Agricultural exports have not yet provided the boost to farm income that U.S. farmers have been hoping for. Instead, they are now harvesting large crops this fall without knowing if their corn and soybeans will find buyers in overseas markets.  USDA is already sending out checks under the Trade Mitigation Program to offset some of these losses.

As U.S. farmers face their fourth consecutive year of below-average net farm income, they are not yet receiving the boost from agricultural exports they had been hoping for.  The latest (August 30) USDA projection for 2018 net farm income is $65.7 billion, only 53 percent of the figure recorded in 2013.

The incidence of foodborne illness in the United States leads to the hospitalization of 128,000 people and the death of 3,000 Americans every year, costing the economy nearly $78 billion.  Broader adoption of new information technology, such as blockchain and low-cost IOT sensors in the food and agribusiness sector, can reduce the frequency of foodborne illness outbreaks.

Agricultural extension has been an essential component in helping farmers acquire knowledge of new technology and practices.  While governments have been providing information for farmers for several millennia, the U.S. combined system of land grant universities, agricultural experiment stations, and cooperative extension systems, federally- and state-funded but state-based, was a uniquely American development.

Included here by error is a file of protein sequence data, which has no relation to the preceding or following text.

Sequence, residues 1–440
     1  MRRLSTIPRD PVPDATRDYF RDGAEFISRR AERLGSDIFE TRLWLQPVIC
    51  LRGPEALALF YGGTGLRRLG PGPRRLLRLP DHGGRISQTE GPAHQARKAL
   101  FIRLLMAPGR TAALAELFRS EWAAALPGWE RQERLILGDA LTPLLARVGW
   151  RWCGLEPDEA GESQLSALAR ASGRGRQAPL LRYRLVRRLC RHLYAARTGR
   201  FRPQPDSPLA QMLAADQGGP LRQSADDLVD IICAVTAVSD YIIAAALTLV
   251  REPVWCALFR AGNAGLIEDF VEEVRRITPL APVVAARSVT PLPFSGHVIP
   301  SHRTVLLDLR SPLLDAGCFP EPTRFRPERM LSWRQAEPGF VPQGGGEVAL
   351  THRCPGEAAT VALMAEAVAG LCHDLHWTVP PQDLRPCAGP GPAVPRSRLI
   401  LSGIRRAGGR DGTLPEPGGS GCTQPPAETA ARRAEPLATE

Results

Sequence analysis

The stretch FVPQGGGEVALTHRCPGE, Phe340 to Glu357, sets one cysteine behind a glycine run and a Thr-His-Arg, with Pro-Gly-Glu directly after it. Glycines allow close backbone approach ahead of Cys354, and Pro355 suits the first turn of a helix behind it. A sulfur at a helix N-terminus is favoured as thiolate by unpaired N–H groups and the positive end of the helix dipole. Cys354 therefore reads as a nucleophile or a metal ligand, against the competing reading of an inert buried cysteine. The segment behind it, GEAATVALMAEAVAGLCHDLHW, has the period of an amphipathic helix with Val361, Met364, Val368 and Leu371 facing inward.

The US agriculture industry, often the first to feel the hit of trade disputes, is bracing itself as nations threaten to retaliate

A farm in Arizona. US agricultural exports are worth about $140bn a year.
Photograph: Zuma/Rex/Shutterstock 
A farmer in Arizona.  US agricultural exports are worth about $140 Billion a year.   

America’s farmers are about to start harvesting the wheat crop. Close to 60m tonnes are gathered annually and almost half is usually exported. Where this crop will be sold, though, remains an open question.

As Donald Trump’s trade war escalates, a lot of farmers are worried. Trump was elected, in part, on a promise to put America’s interests first and crack down on what he characterizes as a world trade system rigged against the US.  But until recently the president has acted like many of his predecessors – talking tough on the campaign trail but backtracking in the White House.

By Stephanie Mercier

Our history shows the way.  Hemp was one of the earliest crops grown commercially in this country, long before the United States actually became a sovereign nation.  The first formal record of its production appeared in a tax revenue document in the colony of Virginia in 1632.  Raw hemp and hemp products were a key export from the American colonies to Great Britain, used for ship rigging, clothing, maps, books, sails and tents.  Contemporaneous records indicate that two of our first three Presidents, George Washington and Thomas Jefferson, raised hemp on their Virginia plantations.  This crop, along with wheat and corn, was commonly planted on farms as the United States expanded westward, although not in large acreage overall.

Continue reading “Hemp — A New Opportunity for US Farmers”